the biggest of the Dongbei restaurants in Queens, makes an elegant, tender version of a popular Dongbei stir-fry of lamb with dried chilies, made fragrant and crunchy with cumin seeds — a legacy of the nomadic Mongols who long ruled Central Asia, carrying spices on horseback along with their arrows. Lamb is considered a Northern taste and excessively “strong” by many Chinese cooks; it is always cooked with powerful aromatics, like chili peppers and garlic, to subdue it.

1 Tbs egg white
1 Tbs rice wine or dry sherry
2 tsp cornstarch
1 tsp salt, more to taste
½ tsp black pepper
1 lb boneless leg of lamb or lamb shoulder, cut into strips about 1/2 inch by 2 inches
3 Tbs vegetable oil
2 Tbs cumin seeds, lightly cracked in a mortar or grinder
2 Tbs whole dried red chile peppers, about 2 inches long
4 scallions, white and green parts only, cut on diagonal into 1-inch lengths
Sesame oil, for seasoning

1. In a bowl combine egg white, wine, cornstarch, salt and pepper. Add lamb and set aside to marinate 1 hour.

2. Heat a large wok or skillet over high heat until a drop of water sizzles on contact. Swirl half the oil into wok and carefully add lamb, spreading it in a single layer. Let sear a moment, then stir­fry briskly just until lamb is no longer pink. Transfer to a plate. (If your wok is not large enough to hold all the lamb, do this in 2 batches, using extra oil)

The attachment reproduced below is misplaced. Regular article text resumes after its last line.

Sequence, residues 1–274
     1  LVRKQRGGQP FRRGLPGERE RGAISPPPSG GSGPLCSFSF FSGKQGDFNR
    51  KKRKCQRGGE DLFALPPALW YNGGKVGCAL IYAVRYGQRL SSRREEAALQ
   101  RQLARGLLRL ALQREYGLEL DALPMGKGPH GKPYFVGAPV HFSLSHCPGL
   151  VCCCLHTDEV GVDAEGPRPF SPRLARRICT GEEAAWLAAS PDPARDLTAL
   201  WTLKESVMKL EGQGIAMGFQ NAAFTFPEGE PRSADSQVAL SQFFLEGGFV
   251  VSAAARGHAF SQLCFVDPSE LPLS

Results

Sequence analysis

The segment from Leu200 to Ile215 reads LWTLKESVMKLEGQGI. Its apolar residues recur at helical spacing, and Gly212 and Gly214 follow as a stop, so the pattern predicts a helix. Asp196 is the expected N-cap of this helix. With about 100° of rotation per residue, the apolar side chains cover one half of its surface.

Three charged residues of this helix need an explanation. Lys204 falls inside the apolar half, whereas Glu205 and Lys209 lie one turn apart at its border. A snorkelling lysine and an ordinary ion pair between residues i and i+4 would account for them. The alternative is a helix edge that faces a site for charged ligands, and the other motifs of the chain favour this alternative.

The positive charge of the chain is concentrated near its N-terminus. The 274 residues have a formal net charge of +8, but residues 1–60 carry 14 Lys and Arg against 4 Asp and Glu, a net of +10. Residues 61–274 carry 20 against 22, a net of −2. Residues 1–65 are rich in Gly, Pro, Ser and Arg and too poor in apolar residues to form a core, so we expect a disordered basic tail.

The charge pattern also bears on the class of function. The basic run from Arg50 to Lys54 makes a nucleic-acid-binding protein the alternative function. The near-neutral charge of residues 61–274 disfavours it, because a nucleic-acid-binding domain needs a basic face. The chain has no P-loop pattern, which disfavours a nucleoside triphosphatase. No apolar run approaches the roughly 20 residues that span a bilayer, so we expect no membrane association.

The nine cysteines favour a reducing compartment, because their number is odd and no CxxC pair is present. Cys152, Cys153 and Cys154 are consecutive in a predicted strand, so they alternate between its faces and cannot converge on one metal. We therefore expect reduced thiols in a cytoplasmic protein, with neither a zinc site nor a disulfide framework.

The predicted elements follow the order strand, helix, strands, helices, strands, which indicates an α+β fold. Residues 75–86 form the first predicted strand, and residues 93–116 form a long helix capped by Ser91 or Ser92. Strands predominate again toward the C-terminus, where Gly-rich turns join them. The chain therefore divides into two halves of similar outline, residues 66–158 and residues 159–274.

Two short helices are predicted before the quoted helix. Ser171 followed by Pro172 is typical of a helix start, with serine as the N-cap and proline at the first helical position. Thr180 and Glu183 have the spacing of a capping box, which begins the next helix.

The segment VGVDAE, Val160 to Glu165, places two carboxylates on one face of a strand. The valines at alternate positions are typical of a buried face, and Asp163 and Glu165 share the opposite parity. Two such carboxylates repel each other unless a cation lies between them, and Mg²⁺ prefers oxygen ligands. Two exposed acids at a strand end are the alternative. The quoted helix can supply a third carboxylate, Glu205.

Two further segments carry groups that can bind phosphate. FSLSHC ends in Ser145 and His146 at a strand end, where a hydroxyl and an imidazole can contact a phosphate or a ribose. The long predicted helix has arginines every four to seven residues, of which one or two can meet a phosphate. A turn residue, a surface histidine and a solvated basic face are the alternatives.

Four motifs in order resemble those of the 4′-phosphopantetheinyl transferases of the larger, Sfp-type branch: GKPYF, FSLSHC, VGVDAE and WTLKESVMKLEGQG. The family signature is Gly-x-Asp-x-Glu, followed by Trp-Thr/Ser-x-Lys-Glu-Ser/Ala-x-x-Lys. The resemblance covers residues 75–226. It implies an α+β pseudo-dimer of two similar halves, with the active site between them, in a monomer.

3. Swirl remaining 1 1/2 tablespoons oil into empty wok, add cumin seeds and chiles and stir­fry a few seconds until cumin seeds start to pop. Press chiles against sides of wok to char their skins.

4. Add scallions and stir­fry 1 minute. Then return lamb to wok and stirfry 1 to 2 minutes more until lamb is cooked through. Turn off heat, sprinkle with salt and drops of sesame oil, and serve immediately.

Servings: 4

Source: The New York Times

Have a great day


  1. Cummin is one of my favourite spices.
    I am not (very) superstitious, but still toss a pinch of salt over my left shoulder if I spill it. I inherited that from my mother.
    Good luck with your medical tests.

    1. Oh yes, I had forgotten the salt Sue, I do that too.


  2. Not superstitious. As a kid I do remember the black cat and walking under a step-ladder superstitions. As I am now writing this I remember my mother saying that if you dropped a fork company would show up. Back in the day of the 'drop-in' guests. Folks don't seem to like that anymore. BTW, I moved into this house 47 years ago on Friday the 13th of October.

    1. BTW, since the origins of Friday the 13th lie in Christianity (or so I was told) wonder if non-christians are superstitious. Maybe it was originally a pagan thing, since early Christianity stole many traditions from them, including the solstice celebration.

    2. Just shows you, you seem to have been lucky enough in that house. You are probably right about the origins being pagan Denise, I am sure there are articles about it on Google. Never heard of the dropped fork, if you drop a glove and someone else picks it up, you aren't supposed to say thankyou.

    3. Another one, break a mirror and you get 7 years bad luck.